Successfully reported this slideshow.
We use your LinkedIn profile and activity data to personalize ads and to show you more relevant ads. You can change your ad preferences anytime.



Published on

organizational behavior WEEK 4

Published in: Education
  • Be the first to comment


  1. 1. Week 4: April 29<br />Personality and Emotions<br />
  2. 2. OBJECTIVES<br />Define personality, how is it measured, what factors influence it<br />Meyers Briggs Type Indicator<br />Big Five Personality model<br />Distinguish between emotions and moods<br />What are their sources?<br />
  3. 3. Personality<br />Definition:<br />The sum total of psychological traits that define how an individual reacts and interacts with.<br />A combination of traits that classifies individuals.<br />Developed based on genetics and environmental factors.<br />Affects the long-term performance of individuals.<br />
  4. 4. Personality<br />Measuring<br />Personality tests are useful in hiring decisions.<br />Determinants<br />Heredity vs. Environment<br />Heredity – factors determined at conception: height, gender, facial features, etc.<br />
  5. 5. Single Traits of Personality<br />Locus of control<br />Determines the to which you believe that your behavior influences what happens to you.<br />If you believe that your life is controlled from inside then you are an internalizer.<br />If you believe that your life is controlled by external factors then you are an externalizer.<br />Internals more resistant to pressure and less likely to change attitudes.<br />Externals more receptive to structured jobs<br /><br />
  6. 6. Myers-Briggs Type IndicatorMBTI<br />Most widely used personality assessment instrument in the world. 100 questions. Individuals are classified as :<br />Extravert - Introvert<br />Sensing - Intuitive<br />Thinking - Feeling<br />Judging - Perceiving<br />16 possible combinations.<br /><br />
  7. 7. Big Five Personality TraitsEXTRAVERSION –comfort level w/ Relationships (gregarious, assertive, social)AGREEABLENESS: ability to defer to others (cooperative, warm, trusting)CONSCIENTIOUSNESS: measure of reliability (responsible, organized, dependableEMOTIONAL STABILITY: ability to withstand stress (calm, self-confident, secure)OPENESS TO EXPERIENCE: range of interests and fascination with novelty (creative, curious, artistic.<br />
  8. 8. Emotions and moods<br />
  9. 9. Terms<br />In order to understand the impact of moods in the workplace<br />AFFECT: broad range of feelings that people experience. Umbrella term encompassing emotions and moods.<br />EMOTIONS: intense feelings directed at someone or something, brief, accompanied by facial expression, action oriented<br />MOODS: Feelings less intense than emotions – can last longer, cause is general and unclear, lasts longer, no facial expression, cognitive oriented<br />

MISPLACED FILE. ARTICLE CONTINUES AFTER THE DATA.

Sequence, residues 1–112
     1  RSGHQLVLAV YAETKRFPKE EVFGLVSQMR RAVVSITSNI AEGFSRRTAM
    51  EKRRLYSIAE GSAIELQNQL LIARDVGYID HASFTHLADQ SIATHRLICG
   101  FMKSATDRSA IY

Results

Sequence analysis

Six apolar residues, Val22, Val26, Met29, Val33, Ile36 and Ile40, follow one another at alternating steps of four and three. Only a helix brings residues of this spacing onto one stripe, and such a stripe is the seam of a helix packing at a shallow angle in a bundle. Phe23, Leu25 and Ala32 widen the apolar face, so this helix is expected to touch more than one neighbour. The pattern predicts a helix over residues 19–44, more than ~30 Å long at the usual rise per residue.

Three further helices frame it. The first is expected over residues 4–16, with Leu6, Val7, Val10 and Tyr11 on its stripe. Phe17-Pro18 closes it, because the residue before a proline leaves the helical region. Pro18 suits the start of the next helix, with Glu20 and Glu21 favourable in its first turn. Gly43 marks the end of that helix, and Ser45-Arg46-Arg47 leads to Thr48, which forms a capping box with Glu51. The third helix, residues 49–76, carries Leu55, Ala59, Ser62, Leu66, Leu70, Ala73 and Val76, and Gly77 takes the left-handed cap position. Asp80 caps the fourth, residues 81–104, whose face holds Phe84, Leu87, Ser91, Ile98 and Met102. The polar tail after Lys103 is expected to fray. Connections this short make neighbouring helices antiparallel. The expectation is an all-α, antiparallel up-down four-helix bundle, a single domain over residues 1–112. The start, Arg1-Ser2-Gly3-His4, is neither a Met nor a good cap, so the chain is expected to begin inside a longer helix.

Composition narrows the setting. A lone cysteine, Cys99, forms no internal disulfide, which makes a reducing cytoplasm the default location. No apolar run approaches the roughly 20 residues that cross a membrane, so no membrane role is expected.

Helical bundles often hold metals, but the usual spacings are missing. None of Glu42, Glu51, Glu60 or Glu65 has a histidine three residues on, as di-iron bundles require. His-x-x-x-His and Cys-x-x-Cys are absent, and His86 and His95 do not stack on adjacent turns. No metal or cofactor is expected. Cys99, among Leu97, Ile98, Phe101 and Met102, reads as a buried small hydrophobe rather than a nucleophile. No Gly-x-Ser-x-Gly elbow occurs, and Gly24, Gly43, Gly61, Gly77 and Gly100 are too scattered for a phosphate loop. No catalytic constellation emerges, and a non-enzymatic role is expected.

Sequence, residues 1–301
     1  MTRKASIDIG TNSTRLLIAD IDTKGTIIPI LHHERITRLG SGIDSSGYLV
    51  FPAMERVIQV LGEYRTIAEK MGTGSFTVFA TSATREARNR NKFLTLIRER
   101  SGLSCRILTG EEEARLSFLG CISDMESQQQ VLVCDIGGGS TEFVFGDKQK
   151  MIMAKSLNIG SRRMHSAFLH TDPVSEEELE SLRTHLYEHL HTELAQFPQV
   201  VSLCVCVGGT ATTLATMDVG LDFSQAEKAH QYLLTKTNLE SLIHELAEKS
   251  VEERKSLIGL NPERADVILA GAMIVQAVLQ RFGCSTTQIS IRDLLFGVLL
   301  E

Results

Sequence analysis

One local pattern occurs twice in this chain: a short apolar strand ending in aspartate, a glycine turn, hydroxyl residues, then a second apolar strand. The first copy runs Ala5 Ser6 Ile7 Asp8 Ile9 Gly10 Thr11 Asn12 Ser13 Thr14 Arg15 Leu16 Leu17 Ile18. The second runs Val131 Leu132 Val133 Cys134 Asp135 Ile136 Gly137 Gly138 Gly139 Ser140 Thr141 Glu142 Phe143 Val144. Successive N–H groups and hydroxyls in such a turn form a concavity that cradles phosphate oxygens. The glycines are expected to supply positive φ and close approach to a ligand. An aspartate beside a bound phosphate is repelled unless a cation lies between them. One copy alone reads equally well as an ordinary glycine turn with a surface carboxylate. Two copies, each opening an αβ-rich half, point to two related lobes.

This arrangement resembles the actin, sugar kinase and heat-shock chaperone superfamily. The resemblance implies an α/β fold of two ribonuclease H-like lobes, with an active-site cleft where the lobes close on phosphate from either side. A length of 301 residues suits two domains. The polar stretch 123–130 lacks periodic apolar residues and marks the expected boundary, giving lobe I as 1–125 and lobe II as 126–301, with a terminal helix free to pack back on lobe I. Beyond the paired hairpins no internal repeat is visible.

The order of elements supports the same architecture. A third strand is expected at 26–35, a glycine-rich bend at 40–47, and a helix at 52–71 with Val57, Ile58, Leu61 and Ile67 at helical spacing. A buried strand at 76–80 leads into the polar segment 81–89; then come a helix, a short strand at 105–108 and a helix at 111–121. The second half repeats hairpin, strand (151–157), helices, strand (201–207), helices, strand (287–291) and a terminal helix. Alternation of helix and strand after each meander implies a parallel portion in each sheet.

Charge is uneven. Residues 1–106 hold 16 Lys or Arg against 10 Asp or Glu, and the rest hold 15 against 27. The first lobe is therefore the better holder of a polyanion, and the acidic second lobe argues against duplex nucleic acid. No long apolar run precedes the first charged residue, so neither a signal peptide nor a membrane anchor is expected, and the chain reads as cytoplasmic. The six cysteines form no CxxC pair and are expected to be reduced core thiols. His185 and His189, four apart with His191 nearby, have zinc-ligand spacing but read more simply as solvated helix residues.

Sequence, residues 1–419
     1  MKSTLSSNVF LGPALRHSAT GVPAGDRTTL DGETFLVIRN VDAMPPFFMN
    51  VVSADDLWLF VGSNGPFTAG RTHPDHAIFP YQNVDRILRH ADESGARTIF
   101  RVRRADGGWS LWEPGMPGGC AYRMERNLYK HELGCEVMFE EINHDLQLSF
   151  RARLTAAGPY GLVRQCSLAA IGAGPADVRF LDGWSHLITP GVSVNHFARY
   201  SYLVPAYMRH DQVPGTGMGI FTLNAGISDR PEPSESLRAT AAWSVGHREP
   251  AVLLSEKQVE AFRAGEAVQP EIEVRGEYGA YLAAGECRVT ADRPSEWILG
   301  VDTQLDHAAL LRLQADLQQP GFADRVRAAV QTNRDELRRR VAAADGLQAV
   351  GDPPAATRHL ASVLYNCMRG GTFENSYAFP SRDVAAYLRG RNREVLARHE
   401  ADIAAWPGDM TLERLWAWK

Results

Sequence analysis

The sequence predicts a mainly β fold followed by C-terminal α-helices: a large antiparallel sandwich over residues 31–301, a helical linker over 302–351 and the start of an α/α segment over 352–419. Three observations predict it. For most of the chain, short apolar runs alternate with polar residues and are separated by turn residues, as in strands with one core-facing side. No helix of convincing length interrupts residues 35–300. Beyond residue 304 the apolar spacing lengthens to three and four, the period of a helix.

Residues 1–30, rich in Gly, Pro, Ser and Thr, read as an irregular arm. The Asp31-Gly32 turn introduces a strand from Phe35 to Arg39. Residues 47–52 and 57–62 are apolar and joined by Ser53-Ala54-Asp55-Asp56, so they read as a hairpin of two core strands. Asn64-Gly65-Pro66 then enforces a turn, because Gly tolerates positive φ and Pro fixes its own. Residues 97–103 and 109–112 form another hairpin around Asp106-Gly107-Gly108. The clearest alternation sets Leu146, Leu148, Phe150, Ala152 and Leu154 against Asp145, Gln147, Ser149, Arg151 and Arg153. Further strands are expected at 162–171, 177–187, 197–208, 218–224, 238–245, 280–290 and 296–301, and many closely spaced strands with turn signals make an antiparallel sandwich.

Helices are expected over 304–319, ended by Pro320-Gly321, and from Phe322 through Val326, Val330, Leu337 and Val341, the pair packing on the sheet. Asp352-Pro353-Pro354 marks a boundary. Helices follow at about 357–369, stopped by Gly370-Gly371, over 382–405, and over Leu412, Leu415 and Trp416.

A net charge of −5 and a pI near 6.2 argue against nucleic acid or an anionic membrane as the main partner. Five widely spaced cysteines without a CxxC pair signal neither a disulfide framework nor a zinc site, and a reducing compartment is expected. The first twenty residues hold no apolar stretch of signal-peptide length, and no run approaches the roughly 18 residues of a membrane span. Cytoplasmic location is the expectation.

10. 10. emotions<br />anger<br />Contempt<br />Enthusiasm<br />Envy <br />Fear<br />Frustration<br />Disappointment<br />Embarrassment<br />Disgust<br />Happiness <br />Hate<br />Hope<br />Jealousy<br />Joy<br />Pride<br />Surprise<br />Sadness<br />Anger<br />Fear<br />Disgust<br />Happiness<br />Surprise<br />Sadness<br />Basic Emotions<br />6 Universal emotions<br />
  11. 11. SOURCES OF EMOTIONS & MOODS<br />Day of the Week and Time of the Day<br />Negative moods are highest on Sundays and Mondays<br />Implications: Don’t ask for a favor or deliver bad news. Positive interactions most likely after midmorning and later in the week.<br />Weather<br />Moods are tied to weather<br />Stress<br />Stress affects emotions and moods. Examples: stress before an exam. Stress builds over time. Mounting stress worsens mood and leads to negative emotions.<br />Social Activities<br />Social activities increase positive mood. Research suggests that physical (skiing or hiking friends), informal (going to a party) or eating with others strongly associated with increase in positive mood<br />Sleep<br />Sleep quality affects mood. Sleep deprivation results in fatigue, anger and hostility. It impairs decision making and makes it difficult to control emotions<br />Exercise<br />Research shows that exercise enhances mood<br />Age<br />Emotional experience improves with age. The older we get the fewer negative emotions we have. <br />Gender<br />Women ARE more emotional, emotions are more intense, and hold onto emotions longer<br />
  12. 12. Moods and creativity<br />People that are in a good mood are more creative<br />They produce more ideas<br />Create problem solving options<br />More flexible <br />When people are in a good mood, they relax and avoid critical thinking resulting in increased creativity.<br />
  13. 13. How can managers influence mood<br />Use humor<br />Provide small tokens of appreciation<br />Role model a positive mood<br />Select team members that demonstrate a positive mood.<br />
  14. 14. Thoughts <br />Are emotions different culturally?<br /> Yes, Chinese experience fewer negative and positive emotions.<br />Are emotions viewed differently by different cultures?<br /> Yes, America values enthusiasm, Chinese value negative emotions. The West values pride, the East views pride as undesirable.<br />Is the expression of emotions different”<br />Yes, Muslims consider smiling as a sign of sexual attraction, so their women don’t smile. In America, it is negative to express intense negative emotions, in France, there is an expectation of being rude to customers and the Germans are offended by greeters at Wal-Mart. <br />Some cultures have no word equivalent for” anxiety, depression and guilt.<br />Tahitians have no word for sadness. If they are sad, it is considered to be physical.<br />
  15. 15.<br /> and then search locus of control<br />